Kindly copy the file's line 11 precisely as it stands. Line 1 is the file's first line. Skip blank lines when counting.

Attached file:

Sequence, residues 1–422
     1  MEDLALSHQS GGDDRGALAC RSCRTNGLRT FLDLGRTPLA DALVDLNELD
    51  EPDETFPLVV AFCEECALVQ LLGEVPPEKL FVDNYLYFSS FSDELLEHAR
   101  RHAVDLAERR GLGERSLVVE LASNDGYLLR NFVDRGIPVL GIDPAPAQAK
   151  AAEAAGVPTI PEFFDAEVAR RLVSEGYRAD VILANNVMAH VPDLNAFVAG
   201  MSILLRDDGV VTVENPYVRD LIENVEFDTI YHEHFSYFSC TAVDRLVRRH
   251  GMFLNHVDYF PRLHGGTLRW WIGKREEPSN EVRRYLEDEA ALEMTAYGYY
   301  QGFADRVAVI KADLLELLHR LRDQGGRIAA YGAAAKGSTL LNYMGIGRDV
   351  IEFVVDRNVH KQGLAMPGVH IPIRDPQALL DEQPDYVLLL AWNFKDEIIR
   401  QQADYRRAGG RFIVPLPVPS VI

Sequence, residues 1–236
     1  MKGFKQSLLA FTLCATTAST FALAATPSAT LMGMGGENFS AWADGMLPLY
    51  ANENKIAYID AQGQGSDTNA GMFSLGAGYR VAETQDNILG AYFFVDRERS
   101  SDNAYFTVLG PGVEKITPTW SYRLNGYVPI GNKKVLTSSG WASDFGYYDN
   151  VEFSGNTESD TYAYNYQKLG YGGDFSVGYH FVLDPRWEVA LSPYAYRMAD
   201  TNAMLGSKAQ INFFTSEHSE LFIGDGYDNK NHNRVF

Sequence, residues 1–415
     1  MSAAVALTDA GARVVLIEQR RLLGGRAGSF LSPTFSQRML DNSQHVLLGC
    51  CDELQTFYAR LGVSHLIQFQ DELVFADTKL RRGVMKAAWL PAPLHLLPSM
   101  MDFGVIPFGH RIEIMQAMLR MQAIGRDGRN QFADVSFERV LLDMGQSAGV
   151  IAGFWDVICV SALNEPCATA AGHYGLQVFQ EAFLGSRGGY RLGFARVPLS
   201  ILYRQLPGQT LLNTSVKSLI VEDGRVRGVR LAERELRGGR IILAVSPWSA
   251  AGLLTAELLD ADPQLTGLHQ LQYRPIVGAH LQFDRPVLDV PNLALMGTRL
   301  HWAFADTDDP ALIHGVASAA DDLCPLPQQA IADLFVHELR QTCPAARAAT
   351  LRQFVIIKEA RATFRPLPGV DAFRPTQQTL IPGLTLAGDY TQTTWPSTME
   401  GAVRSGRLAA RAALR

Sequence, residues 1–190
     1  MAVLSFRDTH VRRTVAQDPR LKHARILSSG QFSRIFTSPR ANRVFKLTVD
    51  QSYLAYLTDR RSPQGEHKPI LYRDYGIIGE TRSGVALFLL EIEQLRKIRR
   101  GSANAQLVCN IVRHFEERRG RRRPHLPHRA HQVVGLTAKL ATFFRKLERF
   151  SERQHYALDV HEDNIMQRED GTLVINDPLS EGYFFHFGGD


Sequence, residues 1–236